I would like opinions on this. One of the managers where I work wants to 'enhance' some open source projects, but instead of going by what I would consider the normal route of supplying patches upstream, he wants to open a bitbucket account and grab the project (he never told me which one) and then just enhance it. While this would still be 'open source', to me this is the very definition of a fork.

He claims that it'd take too long to wait for upstream to apply any enhancements, and depending on the project, that could very well be correct. But I told him he didn't technically need to wait for such things. All that would be required is to at least provide links to whomever the software was distributed to for the source code, or even just the patches made, and the upstream source. He only mentioned in the discussion LGPL section 4 (which is the one conveniently linked to on Wikipedia). I suggested they develop the patches internally, build the project and distribute it to the customers, providing links to the bug tracker or mailing list or wherever those patches may be. Then the end users can get the enhanced software sooner, they don't have to wait for upstream, but they also don't end up doing a full on fork! Unless of course their patches get refused outright, then at least they'd have a reason for forking.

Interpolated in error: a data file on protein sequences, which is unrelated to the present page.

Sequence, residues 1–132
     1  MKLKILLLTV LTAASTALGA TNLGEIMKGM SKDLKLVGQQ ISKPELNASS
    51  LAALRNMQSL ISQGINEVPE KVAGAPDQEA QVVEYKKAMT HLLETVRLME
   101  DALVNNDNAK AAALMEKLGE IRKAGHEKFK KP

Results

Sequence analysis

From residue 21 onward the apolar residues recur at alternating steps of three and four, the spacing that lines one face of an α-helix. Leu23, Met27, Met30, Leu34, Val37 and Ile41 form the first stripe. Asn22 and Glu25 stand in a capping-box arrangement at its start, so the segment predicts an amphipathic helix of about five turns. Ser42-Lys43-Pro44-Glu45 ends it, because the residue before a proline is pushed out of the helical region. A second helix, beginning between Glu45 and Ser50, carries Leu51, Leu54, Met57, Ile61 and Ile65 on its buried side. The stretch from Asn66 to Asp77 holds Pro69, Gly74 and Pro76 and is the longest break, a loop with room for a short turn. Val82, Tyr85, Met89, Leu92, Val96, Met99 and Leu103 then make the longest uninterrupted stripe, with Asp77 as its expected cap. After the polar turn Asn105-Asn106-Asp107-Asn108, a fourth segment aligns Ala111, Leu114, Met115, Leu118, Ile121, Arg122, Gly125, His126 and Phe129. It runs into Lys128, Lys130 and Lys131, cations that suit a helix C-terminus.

What does everyone think about this? This is a manager that has always liked to disagree with me, and being an Apple fan and a developer, I don't think he's delved into a whole lot of open source software, at least the licensing and developing side of things.

leech